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The Mesmerizing World of Freshwater Wetlands

Updated: Dec 21, 2023

Aerial view of a wetland
Aerial view of a wetland. Photo credit:

So, what are freshwater wetlands anyway? According to the U.S Geographical Survey, “wetlands are transitional areas, sandwiched between permanently flooded deep water environments and well-drained uplands where the water table is usually at or near the surface or the land is covered by shallow water”. Wetlands cover a large surface area of Earth and the most common feature shared by them is that the soil is covered or saturated by water most of the time. The water can be fresh, salty, or in-between. Typical examples of freshwater wetlands are mangroves, lagoons, lakes, marshes (salt, brackish, intermediate, and fresh), swamps, forested wetlands, bogs, wet prairies, prairie potholes, and vernal pools. Vernal pools are seasonal pools or ponds of water that sustain, like all wetlands, distinct flora, and fauna. As we shall see, wetlands are one of the most precious realms of our earth. They harbor a staggering number of diversified plants, animals, birds, reptiles, and insects. Wetlands link organisms on land and in water in a way that allows them to co-exist together for years.

Wetland Flora

Wetland plants, also known as hydrophytes, are specifically adapted to grow in water. They can be submerged, floating, or have their roots firmly embedded in one place. Examples of few wetland species of plants are cattails, water lilies, bluetongue, sedges, tamarisk, and many kinds of rush. Wetland plants are adapted to the saturated conditions that persist for most of the year.

Coastal mangroves are hugely important because they store enormous quantities of “blue carbon”. Blue carbon is the carbon that is stored naturally by marine and coastal ecosystems. A healthy blue carbon ecosystem means a healthy carbon-free environment, while controlling the associated biodiversity.

Mangroves. Photo credit: Unsplash/Muhammadh Saamy

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Wetland Fauna

All types of water birds like ducks, geese, cranes, heron, kingfishers, and sandpipers, both resident and some migrant, depend on wetlands for their survival. Mammals such as otters, beavers, alligators, muskrats, crocodiles live, eat, and gambol in them. Then of course, there are myriad species of fish, snakes, and invertebrates. Wetlands provide food, water, cover, and nesting sites to all types of animals, birds, and insects. One has to just watch the playful otters in fresh, pure water of wetlands to appreciate how important these wetlands are for the wellbeing of all denizens of wetland wild kingdom. As we shall see in the next section, indeed, the wetlands are indispensable habitats around our globe. By keeping the water and air pollution free, they ensure that the essential requirements such as food, clean water, and clean air are always available to all species all the time in their habitat.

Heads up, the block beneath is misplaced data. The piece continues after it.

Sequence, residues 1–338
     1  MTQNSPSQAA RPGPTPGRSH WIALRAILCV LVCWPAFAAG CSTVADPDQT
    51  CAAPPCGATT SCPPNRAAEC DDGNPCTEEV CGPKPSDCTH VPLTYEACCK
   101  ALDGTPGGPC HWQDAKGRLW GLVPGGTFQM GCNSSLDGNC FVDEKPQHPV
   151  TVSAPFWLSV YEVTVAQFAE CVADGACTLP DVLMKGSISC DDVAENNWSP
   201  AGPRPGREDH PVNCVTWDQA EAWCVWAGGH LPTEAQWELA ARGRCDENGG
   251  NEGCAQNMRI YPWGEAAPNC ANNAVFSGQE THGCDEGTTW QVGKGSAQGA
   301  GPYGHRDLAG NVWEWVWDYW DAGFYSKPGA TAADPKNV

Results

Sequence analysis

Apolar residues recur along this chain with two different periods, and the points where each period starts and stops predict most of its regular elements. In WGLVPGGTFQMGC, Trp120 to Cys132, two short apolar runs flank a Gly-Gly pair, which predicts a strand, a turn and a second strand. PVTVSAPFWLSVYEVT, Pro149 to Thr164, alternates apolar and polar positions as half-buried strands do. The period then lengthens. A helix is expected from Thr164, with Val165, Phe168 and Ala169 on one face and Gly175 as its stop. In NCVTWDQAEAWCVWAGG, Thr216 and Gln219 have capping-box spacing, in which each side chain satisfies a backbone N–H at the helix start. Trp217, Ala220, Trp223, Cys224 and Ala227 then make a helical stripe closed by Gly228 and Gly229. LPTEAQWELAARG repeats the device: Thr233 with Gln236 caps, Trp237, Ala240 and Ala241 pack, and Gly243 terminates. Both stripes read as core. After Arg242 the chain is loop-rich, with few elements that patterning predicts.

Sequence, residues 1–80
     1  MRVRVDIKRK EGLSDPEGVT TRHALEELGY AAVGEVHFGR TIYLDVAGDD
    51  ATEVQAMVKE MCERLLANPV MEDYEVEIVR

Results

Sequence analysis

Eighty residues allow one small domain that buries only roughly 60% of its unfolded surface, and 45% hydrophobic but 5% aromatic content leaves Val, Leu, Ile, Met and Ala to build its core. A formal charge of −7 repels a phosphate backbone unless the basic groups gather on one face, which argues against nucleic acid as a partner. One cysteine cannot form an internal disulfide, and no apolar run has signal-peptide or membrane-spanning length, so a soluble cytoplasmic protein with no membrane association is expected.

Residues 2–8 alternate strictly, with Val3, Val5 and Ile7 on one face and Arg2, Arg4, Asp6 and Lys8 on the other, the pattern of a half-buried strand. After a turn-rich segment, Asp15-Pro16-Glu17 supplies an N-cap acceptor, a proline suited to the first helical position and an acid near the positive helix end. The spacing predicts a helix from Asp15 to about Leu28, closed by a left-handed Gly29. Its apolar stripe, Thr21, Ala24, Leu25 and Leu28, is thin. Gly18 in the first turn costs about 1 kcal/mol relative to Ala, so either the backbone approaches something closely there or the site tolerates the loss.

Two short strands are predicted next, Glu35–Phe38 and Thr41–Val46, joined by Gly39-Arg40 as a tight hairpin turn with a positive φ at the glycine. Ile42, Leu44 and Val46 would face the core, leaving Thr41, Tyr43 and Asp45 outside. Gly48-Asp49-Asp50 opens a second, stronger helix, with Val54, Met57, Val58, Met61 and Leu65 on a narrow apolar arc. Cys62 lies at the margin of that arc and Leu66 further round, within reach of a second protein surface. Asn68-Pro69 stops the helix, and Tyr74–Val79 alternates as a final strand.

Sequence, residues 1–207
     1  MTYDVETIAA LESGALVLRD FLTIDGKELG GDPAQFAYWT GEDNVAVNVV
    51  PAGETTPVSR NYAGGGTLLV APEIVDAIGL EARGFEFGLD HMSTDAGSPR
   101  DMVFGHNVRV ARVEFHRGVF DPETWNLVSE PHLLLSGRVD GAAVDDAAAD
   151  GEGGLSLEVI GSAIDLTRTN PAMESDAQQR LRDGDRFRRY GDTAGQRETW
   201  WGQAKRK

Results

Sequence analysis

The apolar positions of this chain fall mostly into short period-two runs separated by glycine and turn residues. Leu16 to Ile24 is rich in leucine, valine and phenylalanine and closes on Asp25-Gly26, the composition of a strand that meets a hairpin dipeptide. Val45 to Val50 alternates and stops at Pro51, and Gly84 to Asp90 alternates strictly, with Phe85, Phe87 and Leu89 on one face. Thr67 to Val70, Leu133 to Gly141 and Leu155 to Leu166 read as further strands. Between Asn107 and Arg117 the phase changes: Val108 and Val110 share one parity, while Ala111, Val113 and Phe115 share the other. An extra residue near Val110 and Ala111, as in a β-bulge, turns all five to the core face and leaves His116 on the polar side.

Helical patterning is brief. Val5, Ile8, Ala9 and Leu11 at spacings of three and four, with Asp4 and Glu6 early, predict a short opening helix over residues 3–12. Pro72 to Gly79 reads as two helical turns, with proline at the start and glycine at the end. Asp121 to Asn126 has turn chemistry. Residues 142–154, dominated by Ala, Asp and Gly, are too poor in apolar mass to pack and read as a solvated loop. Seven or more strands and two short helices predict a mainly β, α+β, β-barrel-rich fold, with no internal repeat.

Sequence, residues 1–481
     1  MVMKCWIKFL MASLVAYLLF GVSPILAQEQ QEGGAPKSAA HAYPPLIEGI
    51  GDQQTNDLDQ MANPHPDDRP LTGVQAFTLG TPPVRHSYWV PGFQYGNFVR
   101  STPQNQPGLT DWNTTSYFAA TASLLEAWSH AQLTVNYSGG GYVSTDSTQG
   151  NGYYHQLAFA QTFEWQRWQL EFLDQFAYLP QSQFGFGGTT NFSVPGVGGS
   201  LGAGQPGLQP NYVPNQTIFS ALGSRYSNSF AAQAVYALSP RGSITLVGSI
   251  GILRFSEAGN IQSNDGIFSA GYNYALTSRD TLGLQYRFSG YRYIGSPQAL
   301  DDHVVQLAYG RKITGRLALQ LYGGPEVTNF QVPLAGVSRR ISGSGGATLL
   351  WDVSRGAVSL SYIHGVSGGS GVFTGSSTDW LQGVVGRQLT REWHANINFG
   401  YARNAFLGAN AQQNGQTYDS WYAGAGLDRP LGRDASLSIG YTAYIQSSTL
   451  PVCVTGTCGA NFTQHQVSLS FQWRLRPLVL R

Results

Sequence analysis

Capybara and comb-crested jacana
Capybara and comb-crested jacana. Photo credit:

North American River Otter
North American River Otter. Photo credit: Andreas Schanti

Why Are the Wetlands Important?

The wetlands do wonders for the health of the Earth. Wetlands trap pollutants such as phosphorus and heavy metals in their soils and transform nitrogen into a form that's easier for plants to absorb. They physically and chemically break down dangerous bacteria. The healthier plants keep the ambient or surrounding air fresh by soaking up carbon resulting in a treasure house of pure water and clean air. In fact, these water plants can absorb 50 times more carbon compared to a rainforest of similar size!

Wetlands also sink leaves, debris, animal waste, and other carbon laden matter that is detrimental to the health of the habitat. Wetlands also mitigate large flood events. They, if untouched by humans, grow remarkably fast and live long.

Why Is it Crucial to Protect the Wetlands Worldwide?

Like the rest of the biomes found on our earth, the story is the same unfortunately. Uncontrolled pollution, climate change, indiscriminate construction of dams, agriculture, aquaculture, and land development for housing continue to plague the wetlands.

If the wetlands are not saved, not only will the wildlife habitat be destroyed but towns and cities will need to spend more money to filter water for drinking. Cities, especially the ones closer to the coastal areas, will have no protection against typhoons and hurricanes. Fisheries and timber resources will dwindle. Wetlands do many things for the earth—take a second, pause, and take in all the good they provide us and help keep them protected by doing your part.

A comb-crested jacana chick amongst water lilies
A comb-crested jacana chick amongst water lilies. Photo credit:

Did you know?

· According to WWF (World Wildlife Fund), today, there are more than 2,400 wetlands covering a whopping 630,000,000 acres worldwide. These wetlands were designated areas of International Importance. About 87% of world’s wetlands have been destroyed in the past 300 years by humans. Just imagine!

· At 42 million acres, the Pantanal, covering Brazil, Bolivia, and Paraguay is the world’s largest tropical wetland.

· Per Ramsar Convention Secretariat, Switzerland (, about 17% wetland birds, 38% freshwater mammals, 33% freshwater fish, 26% freshwater amphibians, 72% freshwater turtles, 86% marine turtles, 43% crocodilians, and 27% coral reef building species are threatened today.

· More than half of 800 species of protected migratory birds stop in the various wetlands of USA to take rest, feed, and breed.


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